April 2nd, 2008


Alice's adventures in 1866 and 1966

The best film version of Alice in Wonderland (which may be the most original work of fiction in the English language) is one you've probably never heard of, directed in 1966 by a tall Jewish atheist dilettante with a stratospheric intelligence. That director is Jonathan Miller, and he filled his undeservedly unfamous Alice with cameos from famous friends -- Peter Sellers, Malcolm Muggeridge, Alan Bennett, Eric Idle, Peter Cook. The film was made as a BBC Wednesday Play, with a freedom from commercial pressures today's BBC (let alone the film world beyond) could only dream of.

Miller's reading of Alice doesn't attempt to be "timeless" -- he fills the film with serene sitar music by 60s countercultural hero Ravi Shankar, and Alice's Eat Me and Drink Me experiences are made even more psychedelic by the use of wide-angle lenses, backwards sequences, disorienting editing, mirrors, and wide-eyed expressions from the beautiful Anne-Marie Mallik. But the Victorian house and garden setting is impeccable, filled with stuffed animals, tailor's dummies, gothic stained glass, greenhouses and croquet lawns, and the dusty saurian ectomorphs Alice encounters are the furthest thing you could imagine from 1960s hippies.

1866 and 1966 combine surprisingly well -- Shankar's music reminds one that the Britain of 1866 was intimately connected to its imperial dependency, India -- ruled over, in fact, by an "Empress of India" named Victoria, a more sedate version of the murderous Queen of Hearts, seen in this sequence demanding the decapitation of a bodiless cat:

Miller shares Carroll's Oxbridge background and his interest in abstruse, absurdist philosophising, if not his Christianity and his preoccupation with pubescent girls. So both Carroll's and Miller's Alices are filled with fanciful philosophical speculations, usually explained by very old men to very young girls. In 19th century Oxbridge this seems to have been very much in the air: in 1866 John Ruskin published The Ethics of the Dust: Ten Lectures to Little Housewives on the Elements of Chrystallisation. A sample of the dialogue:

Old Lecturer (of incalculable age): What is it to be alive?

Dora (aged 17 "on astronomical evidence"): There now; you're going to be provoking, I know.

Lecturer: I do not see why it should be provoking to be asked what it is to be alive. Do you think you don't know whether you are alive or not?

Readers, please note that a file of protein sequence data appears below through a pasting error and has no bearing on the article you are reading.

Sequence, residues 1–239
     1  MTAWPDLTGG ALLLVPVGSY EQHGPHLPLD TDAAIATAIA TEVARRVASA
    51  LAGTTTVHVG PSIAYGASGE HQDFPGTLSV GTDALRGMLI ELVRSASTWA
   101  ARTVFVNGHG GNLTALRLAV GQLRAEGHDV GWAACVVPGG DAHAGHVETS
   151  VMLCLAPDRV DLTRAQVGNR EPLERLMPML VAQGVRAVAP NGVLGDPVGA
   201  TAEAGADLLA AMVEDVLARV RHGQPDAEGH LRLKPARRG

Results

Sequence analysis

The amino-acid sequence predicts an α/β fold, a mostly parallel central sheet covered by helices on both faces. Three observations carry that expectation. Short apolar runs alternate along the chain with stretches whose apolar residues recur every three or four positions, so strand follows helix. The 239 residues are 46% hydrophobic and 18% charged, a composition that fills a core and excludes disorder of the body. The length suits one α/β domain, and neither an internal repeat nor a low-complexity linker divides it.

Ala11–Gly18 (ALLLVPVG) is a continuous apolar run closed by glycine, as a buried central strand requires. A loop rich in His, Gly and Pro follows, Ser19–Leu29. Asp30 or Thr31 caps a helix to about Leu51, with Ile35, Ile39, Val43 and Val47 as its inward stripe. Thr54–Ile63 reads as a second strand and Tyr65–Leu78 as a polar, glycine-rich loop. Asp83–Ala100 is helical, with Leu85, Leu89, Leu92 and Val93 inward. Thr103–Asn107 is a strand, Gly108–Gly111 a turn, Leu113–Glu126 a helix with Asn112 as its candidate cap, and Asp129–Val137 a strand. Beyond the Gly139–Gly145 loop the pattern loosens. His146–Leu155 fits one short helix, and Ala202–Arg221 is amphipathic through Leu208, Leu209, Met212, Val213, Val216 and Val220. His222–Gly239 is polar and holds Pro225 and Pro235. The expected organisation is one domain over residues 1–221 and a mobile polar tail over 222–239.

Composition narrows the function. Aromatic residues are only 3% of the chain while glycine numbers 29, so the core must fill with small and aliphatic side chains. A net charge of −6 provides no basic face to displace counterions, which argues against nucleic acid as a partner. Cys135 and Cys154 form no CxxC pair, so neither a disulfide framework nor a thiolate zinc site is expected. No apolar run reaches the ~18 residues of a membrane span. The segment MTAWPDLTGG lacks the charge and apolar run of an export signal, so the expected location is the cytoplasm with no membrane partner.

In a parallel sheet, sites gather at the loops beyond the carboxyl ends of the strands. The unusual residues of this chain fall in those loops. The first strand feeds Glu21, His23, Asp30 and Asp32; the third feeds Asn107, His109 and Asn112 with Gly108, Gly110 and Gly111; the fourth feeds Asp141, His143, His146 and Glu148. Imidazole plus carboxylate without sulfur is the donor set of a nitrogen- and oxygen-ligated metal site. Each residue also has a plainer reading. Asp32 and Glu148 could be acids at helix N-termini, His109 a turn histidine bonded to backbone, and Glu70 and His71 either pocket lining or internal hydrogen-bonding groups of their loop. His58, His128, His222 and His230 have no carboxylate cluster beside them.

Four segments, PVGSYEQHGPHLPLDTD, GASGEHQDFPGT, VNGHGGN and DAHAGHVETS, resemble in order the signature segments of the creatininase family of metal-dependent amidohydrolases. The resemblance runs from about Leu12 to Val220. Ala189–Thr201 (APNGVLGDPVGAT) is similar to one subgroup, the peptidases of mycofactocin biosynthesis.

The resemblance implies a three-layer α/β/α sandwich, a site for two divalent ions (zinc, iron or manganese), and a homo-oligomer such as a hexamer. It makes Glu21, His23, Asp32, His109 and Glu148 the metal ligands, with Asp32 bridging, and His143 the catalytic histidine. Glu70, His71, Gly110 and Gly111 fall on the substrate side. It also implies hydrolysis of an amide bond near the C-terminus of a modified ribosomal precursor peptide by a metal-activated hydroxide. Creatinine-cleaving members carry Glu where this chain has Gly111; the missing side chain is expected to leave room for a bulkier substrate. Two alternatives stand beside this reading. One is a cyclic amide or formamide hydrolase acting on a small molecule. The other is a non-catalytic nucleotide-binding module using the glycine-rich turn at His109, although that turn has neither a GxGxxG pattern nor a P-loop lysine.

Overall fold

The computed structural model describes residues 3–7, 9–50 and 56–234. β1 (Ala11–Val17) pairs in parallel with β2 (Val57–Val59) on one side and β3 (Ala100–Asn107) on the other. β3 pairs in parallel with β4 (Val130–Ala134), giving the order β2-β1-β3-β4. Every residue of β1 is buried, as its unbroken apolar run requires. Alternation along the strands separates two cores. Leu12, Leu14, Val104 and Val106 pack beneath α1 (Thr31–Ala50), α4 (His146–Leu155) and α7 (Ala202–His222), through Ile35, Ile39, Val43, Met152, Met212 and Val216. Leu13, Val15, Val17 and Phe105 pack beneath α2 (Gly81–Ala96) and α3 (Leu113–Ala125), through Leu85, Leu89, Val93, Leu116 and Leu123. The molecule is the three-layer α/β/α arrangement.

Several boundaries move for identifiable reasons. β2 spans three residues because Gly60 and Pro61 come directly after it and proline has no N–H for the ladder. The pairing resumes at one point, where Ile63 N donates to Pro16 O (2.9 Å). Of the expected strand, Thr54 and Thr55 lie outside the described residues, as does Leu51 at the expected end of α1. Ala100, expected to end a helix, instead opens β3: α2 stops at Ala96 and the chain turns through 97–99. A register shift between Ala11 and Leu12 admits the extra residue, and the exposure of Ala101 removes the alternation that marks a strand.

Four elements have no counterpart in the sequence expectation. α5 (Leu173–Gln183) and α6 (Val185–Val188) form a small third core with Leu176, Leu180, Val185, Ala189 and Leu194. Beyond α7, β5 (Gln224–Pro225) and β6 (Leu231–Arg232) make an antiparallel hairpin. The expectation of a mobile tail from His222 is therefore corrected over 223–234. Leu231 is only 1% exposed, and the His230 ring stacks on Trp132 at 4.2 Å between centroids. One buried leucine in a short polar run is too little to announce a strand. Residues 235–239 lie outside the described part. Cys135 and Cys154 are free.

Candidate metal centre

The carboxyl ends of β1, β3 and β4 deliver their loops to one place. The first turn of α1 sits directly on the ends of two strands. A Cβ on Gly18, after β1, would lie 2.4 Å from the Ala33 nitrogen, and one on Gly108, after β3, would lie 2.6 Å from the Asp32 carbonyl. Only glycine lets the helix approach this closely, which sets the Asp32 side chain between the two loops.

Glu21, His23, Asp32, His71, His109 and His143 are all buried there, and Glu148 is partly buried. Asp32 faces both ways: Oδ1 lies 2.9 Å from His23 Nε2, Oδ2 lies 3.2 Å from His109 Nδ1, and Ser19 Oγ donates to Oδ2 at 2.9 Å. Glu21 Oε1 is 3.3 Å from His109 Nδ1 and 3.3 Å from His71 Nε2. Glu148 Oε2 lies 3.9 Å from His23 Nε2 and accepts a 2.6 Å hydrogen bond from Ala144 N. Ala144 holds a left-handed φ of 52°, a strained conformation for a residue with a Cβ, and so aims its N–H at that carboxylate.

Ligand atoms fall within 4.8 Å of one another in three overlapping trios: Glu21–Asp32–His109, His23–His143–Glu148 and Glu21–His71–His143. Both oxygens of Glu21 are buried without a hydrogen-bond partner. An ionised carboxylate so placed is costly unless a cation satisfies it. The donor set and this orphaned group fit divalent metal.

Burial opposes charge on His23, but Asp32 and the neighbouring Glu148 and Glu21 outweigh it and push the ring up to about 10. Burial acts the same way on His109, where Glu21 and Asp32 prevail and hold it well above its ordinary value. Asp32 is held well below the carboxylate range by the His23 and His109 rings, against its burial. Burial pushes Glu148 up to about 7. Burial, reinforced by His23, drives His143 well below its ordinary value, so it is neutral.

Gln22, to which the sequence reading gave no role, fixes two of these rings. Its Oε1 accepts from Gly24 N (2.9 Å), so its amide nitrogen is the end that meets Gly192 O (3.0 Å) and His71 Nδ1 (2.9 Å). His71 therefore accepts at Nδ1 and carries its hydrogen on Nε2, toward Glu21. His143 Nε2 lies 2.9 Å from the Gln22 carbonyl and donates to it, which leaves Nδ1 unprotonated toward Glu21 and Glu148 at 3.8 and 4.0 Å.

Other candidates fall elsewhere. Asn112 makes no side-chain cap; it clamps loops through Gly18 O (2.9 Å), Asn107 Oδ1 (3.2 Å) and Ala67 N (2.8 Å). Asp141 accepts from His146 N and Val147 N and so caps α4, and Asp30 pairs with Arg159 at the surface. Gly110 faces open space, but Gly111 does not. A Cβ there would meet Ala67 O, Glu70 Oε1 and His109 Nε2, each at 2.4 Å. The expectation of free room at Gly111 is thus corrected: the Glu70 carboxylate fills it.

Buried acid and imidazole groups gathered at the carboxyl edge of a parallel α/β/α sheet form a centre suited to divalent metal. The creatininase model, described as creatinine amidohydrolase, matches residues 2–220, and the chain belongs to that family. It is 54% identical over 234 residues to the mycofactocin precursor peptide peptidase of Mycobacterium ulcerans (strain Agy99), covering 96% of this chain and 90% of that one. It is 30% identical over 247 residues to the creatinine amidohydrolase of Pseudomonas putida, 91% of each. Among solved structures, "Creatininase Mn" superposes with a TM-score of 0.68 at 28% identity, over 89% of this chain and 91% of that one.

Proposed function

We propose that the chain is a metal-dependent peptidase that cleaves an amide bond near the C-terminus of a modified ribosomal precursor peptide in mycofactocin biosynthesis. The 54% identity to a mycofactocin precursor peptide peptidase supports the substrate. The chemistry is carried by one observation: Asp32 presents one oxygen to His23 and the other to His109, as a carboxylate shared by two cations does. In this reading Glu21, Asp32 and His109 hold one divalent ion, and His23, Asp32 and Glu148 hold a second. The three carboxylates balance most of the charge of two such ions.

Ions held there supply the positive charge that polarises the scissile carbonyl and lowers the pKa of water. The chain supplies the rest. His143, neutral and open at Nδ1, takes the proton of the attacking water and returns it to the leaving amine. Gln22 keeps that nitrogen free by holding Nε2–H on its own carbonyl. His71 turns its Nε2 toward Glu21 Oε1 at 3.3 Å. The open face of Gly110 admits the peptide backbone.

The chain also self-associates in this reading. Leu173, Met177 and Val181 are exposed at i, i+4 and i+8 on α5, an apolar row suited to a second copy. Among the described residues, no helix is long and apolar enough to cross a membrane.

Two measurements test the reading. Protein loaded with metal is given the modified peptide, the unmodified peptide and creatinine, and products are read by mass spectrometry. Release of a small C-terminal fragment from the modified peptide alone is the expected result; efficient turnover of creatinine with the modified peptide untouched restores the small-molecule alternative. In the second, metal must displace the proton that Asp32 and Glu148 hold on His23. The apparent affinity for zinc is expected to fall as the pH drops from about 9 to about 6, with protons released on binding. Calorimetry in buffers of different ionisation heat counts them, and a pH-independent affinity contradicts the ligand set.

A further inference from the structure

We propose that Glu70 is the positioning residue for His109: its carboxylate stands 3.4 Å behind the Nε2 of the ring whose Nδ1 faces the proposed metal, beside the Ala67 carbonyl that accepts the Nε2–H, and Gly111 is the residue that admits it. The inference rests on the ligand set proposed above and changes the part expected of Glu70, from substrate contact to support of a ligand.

Isabel (11 years old) skips to the end of the room and back.

Lecturer: Yes, Isabel, that's all very fine; and you and I may call that being alive: but a modern philosopher calls it being in a "mode of motion." It requires a certain quantity of heat to take you to the sideboard; and exactly the same quantity to bring you back again. That's all.

Isabel: No, it isn't. And besides, I'm not hot.

Lecturer: I am, sometimes, at the way they talk.

Oddly enough, when Lewis Carroll fell out with Alice Liddell's mother, Ruskin (a good friend of Carroll's) took over the role of favourite non-family uncle.

These skittish philosophical investigations don't just represent Cambridge dons' playful, eccentric attitude to knowledge (an attitude still intact when Miller graduated from the university in 1957, then went straight into the Footlights review as a comedian) or a friskily ludic relationship between age and youth, they also express the existential growing pains of a girl of Alice's age. Miller captures this perfectly in a scene where Alice questions her own identity before a mirror. As Ravi Shankar's sensual notes and rhythms fade, Alice brushes her hair and whispers: "I'm sure I'm not Ada. She's got long ringlets, and my hair doesn't grow in ringlets at all. And I'm sure I can't be Mabel, cos I know all sorts of things, and she knows nothing. Besides, she's she, and I... Oh dear, how puzzling it all is." It's a puzzle drugs and encounters with dons can't clarify for the petulant Alice, although they do distract her from her own confusion.

Miller only ever made one other film (1968's Whistle and I'll Come to You), and Mallik doesn't appear anywhere in public after incarnating Alice. Miller's brilliant dilettantism took him to other activities -- opera productions, gay rights activism, a series of television science lectures, writing, medicine. Perhaps he, like Alice, has never really known who he is, and perhaps he finds the existential puzzle more interesting than the solution.